Scouts strive to snuff out teen smoking

December 04, 2004|by MARLO BARNHART

"Smoke Gets In Your Eyes" might be a popular song but Barbie Barvir and Danielle Grant are determined to keep that phenomenon where it belongs - in music rather than in reality.

"I believe very strongly in the cause of teens not smoking and so does Danielle," Barvir said as she explained why they decided to work toward that goal as senior Girl Scouts in Shawnee Council.

Their aspirations led them to a coalition called Washington County Teens Rejecting Abusive Smoking Habits (TRASH). They were rewarded for their efforts when the two scouts received the American Lung Association of Maryland's 2004 Community Youth Service award for Western Maryland.


"Together, Danielle and I went to schools with a presentation we call 'Toxic Pizza' which shows kids the bad effects of smoking in a way they can better understand," Barvir said.

Along with the TRASH group, Barvir and Grant worked on service projects to educate the public about the harmful effects of smoking as well as secondhand smoke. Part of the message was also highlighting the tactics of the tobacco industry in targeting youth.

Barvir, 17, said she and Grant also participated in Strike Out Tobacco Day at Municipal Stadium, a World No Tobacco Day at Hagers-town City Park and the TRASH statewide event in Baltimore.

In addition to scouts, the Hagerstown Boys and Girls Club, Girls Inc., and 4-H members are among those involved with TRASH.

"Now I am a statewide representative from Washington County for TRASH," Barvir said. The group meets six times a year.

Plans are under way to get a rap artist, Sterlen Barr, to Washington County to present his message against smoking, Barvir said.

Grant, a North Hagerstown High School graduate, is a pre-med student at Philadelphia University.

"My scout leader had a contact in the American Lung Association of Maryland," Grant said by telephone from college. So Grant, 18, went to a TRASH meeting and with Lynn Whitall, the Lung Association representative, worked to get a chapter in Washington County.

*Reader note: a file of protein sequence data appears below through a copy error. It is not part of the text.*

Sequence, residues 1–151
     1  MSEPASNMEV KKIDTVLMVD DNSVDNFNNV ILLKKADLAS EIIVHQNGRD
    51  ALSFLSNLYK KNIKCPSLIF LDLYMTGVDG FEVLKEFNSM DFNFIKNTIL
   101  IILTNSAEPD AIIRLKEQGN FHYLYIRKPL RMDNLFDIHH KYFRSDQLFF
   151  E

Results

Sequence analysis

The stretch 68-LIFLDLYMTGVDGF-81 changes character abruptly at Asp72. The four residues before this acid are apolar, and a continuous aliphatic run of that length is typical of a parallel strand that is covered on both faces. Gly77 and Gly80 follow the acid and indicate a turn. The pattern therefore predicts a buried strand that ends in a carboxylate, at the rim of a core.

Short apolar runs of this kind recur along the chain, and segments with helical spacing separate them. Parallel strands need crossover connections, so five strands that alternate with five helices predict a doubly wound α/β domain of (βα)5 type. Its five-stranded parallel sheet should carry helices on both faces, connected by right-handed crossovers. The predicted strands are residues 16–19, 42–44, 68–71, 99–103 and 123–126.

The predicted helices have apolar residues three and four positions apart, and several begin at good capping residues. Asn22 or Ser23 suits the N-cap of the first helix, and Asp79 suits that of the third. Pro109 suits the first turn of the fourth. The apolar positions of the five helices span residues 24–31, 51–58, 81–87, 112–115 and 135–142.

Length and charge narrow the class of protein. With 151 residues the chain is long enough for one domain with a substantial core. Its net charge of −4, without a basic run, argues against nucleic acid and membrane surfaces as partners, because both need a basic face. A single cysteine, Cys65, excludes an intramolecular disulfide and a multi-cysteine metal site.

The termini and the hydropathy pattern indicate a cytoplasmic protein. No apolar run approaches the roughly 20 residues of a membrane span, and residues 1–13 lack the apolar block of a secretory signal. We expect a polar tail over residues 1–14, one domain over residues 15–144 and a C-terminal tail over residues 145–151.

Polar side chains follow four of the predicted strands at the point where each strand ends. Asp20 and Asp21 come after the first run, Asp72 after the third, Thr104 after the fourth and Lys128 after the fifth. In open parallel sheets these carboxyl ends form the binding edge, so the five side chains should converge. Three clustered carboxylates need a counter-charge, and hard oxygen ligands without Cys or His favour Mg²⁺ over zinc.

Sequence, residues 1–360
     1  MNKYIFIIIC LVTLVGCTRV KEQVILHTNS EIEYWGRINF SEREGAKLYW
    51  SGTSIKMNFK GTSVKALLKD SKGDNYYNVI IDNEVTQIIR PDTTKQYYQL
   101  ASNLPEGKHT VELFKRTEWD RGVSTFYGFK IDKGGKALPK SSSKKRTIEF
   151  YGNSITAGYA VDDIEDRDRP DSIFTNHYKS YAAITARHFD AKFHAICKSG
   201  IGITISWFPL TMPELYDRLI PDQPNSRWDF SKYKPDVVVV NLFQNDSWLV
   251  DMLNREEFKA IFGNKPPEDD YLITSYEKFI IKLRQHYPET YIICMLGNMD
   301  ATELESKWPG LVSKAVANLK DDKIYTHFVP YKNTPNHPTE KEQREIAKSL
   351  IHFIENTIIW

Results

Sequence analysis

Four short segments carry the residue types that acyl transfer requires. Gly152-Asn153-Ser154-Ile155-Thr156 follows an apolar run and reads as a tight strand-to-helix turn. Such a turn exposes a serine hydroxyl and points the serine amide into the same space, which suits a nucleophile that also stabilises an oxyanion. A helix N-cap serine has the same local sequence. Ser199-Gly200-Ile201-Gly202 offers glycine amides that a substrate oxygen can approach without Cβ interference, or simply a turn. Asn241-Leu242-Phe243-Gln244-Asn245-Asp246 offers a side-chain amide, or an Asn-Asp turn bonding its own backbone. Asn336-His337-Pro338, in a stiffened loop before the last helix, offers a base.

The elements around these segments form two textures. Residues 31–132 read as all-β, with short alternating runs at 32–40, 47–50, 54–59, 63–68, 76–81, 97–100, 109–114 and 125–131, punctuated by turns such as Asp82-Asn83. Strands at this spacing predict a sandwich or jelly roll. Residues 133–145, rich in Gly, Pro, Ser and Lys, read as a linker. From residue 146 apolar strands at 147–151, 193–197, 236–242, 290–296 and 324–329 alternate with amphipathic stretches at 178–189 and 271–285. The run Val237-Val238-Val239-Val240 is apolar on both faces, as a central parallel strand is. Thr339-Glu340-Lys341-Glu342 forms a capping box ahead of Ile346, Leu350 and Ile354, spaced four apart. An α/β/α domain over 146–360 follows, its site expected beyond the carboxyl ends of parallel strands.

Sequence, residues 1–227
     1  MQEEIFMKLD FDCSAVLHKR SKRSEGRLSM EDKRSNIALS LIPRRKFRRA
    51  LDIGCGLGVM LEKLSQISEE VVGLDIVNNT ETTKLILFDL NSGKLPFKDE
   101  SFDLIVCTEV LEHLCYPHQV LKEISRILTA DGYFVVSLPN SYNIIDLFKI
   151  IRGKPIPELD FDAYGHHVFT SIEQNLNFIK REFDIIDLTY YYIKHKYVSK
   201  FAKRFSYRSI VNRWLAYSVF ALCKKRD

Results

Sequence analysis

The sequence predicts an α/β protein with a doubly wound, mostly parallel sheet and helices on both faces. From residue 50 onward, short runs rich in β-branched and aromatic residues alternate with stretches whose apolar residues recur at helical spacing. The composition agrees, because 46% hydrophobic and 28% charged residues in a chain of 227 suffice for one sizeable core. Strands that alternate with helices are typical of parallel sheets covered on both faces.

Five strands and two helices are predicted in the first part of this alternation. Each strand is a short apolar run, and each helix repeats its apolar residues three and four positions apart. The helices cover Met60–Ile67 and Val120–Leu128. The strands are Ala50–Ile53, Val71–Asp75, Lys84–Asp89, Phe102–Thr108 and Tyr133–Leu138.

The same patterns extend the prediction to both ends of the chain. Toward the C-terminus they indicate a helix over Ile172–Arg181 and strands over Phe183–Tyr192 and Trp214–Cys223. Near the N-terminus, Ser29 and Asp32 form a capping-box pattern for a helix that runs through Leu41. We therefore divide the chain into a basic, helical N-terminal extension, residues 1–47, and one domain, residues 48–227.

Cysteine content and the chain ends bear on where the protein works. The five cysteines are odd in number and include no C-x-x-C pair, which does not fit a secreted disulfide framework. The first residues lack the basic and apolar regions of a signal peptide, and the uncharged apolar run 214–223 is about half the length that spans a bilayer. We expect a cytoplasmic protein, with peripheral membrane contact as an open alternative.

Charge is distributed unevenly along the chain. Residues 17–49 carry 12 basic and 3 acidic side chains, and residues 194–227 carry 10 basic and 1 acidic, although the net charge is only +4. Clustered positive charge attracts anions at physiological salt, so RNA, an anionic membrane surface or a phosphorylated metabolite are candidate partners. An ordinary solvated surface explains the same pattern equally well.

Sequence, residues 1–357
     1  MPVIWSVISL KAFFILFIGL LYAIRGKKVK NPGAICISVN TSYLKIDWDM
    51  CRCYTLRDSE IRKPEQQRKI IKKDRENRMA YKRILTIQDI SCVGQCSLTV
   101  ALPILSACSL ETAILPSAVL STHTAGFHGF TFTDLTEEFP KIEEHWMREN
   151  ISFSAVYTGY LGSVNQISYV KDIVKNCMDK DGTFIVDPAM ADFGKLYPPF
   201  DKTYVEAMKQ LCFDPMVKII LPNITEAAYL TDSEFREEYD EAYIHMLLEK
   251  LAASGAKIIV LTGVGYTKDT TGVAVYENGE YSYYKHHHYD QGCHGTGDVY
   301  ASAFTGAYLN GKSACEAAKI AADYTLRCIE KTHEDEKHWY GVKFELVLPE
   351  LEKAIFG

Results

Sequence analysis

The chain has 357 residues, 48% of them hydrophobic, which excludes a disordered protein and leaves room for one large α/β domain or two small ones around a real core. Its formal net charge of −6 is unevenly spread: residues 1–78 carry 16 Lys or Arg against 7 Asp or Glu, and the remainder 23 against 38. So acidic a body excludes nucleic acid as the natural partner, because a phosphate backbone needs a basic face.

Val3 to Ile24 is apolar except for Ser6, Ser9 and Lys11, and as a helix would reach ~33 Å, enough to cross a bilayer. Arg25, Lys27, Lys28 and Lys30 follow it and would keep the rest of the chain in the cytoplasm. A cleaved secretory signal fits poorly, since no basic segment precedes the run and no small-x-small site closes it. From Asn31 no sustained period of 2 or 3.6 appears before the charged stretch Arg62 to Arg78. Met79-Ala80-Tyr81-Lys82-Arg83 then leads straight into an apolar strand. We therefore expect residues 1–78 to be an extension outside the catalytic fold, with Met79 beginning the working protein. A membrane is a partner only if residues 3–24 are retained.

Grant said the "Toxic Pizza" presentation is very interactive so the kids could really get involved in all aspects of their health as it pertains to smoking.

"This is going to help me in presenting things to young people," Grant said, who has chosen pediatrics as her field in medicine.

Barvir joined the effort and she and Grant became a team.

"I started in scouting as a Daisy when I was 4 or 5 years old," Barvir said. Her older sisters, Anna and Sylvia, also were active in scouting and are now lifetime scouts. Barvir said while she and Grant were not in the same troop, they have known each other a long time.

Barvir isn't affiliated with a troop but is what is called a Juliette, after the Girl Scouts' founder, Juliette Low. "There isn't enough time for me to be in a troop," she said. As a Juliette, she still involves herself with scouting activities and works at Camp White Rock in Virginia in the summer.

A senior at Smithsburg High School, Barvir has college plans but is unsure where or in what field yet. "I like working with kids," she said.

In addition to the award that went to Grant and Barvir, a community service award for work with TRASH also went to Patsy Campbell and Jane Barvir, staff members of the Shawnee Girl Scout Council office in Hagerstown.

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